What’s your wedding budget? Expect to spend moreInflation has made life hard for everyone, and marriage has become an expensive affair, as prices are soaring.
Ram Mahat's prospective in-laws had nearly called off the wedding when they found out that the event would go over his budget, after prices of the de rigueur bridal jewellery and catering charges shot up following the pandemic.
The hopeful groom had to take a loan to salvage his marriage plans. In many Nepali communities, the groom's family provides a set of gold jewellery to the bride that now costs in the millions. The engagement is also sealed with a gift of gold ornaments.
Runaway inflation has made life hard for everyone, not only men preparing to whisk away their lady love. From ordinary people to businesses, banks and even the government, all are suffering from the economic crisis that seems to be exacerbating, insiders say.
“Everything is expensive,” said Mahat, who works as a marketing manager for a private company in Kathmandu.
In February 2020, gold hit an all-time high of Rs80,300 per tola on virus jitters. The yellow metal was hovering at Rs75,000 per tola before the Covid-19 pandemic started in Nepal.
On March 9, gold prices broke all records, reaching Rs105,500 per tola in the domestic market in the midst of escalating Russia-Ukraine tensions.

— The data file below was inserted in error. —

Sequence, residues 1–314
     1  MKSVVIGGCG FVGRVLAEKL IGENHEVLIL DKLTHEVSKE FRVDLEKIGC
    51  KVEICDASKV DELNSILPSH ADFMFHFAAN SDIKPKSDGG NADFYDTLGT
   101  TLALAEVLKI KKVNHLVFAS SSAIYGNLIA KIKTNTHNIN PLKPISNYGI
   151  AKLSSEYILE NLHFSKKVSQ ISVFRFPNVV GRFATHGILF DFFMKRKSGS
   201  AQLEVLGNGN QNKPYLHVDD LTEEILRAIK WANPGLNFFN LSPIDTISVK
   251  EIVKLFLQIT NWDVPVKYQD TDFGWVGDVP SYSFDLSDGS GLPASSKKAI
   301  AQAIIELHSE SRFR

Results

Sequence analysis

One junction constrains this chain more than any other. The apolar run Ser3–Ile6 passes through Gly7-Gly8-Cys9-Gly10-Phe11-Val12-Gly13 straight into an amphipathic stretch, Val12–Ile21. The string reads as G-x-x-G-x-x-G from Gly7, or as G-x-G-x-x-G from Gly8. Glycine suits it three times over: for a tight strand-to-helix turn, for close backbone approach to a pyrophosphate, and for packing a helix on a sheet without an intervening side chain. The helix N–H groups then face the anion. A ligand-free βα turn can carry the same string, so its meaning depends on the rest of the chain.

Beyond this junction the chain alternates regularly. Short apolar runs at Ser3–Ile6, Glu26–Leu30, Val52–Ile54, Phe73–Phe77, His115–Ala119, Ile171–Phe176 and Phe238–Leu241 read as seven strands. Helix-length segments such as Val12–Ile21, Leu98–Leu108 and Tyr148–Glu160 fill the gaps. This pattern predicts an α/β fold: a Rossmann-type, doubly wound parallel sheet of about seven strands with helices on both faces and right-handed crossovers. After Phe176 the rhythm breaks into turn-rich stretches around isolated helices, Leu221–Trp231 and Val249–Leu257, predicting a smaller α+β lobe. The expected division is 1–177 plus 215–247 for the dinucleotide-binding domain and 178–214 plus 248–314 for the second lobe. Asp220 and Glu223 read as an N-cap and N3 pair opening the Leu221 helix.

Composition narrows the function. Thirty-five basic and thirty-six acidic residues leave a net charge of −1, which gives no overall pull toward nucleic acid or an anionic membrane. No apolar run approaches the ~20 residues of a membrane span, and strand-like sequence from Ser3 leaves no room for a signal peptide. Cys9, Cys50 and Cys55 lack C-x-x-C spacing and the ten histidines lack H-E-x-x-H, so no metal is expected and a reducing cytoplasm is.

Mahat had originally planned to buy 12 tolas of the precious metal. The price was then in the five digits. But when the cost exploded to six digits, Mahat gasped and decided that his soul mate would have to glitter less.
“We decided to scale down and bought only 8 tolas,” said Mahat. One tola is equal to 11.66 grams.
Ashmi Rasaili, mother of a soon-to-be-bride, has already purchased 5 tolas of gold, and plans to buy another 2 tolas when the price hopefully drops.
"But the price has increased instead," said Netra Rasaili, father of the bride. "Marriage has now become an expensive affair. Marriage without gold is not possible nowadays.”
“I managed the expenses for my elder daughter’s wedding somehow. I am worried about the finances for the marriage of my younger daughter,” said Rasaili, who works for the government.
Last month, the central bank asked banks to halt issuing letters of credit to buy cars, cosmetics, alcohol and gold—which it considers luxury items—in order to prevent foreign exchange reserves from depleting further.
Immediately after the government lifted the second lockdown on September 1, 2021, imports simply surged.
Nepal’s annual import bill crossed the trillion-rupee mark for the first time in the fiscal year 2017-18. Imports soared due to the reconstruction drive in the aftermath of the 2015 earthquakes, and also because Nepalis had more spending money in their pockets after remittance inflows rose.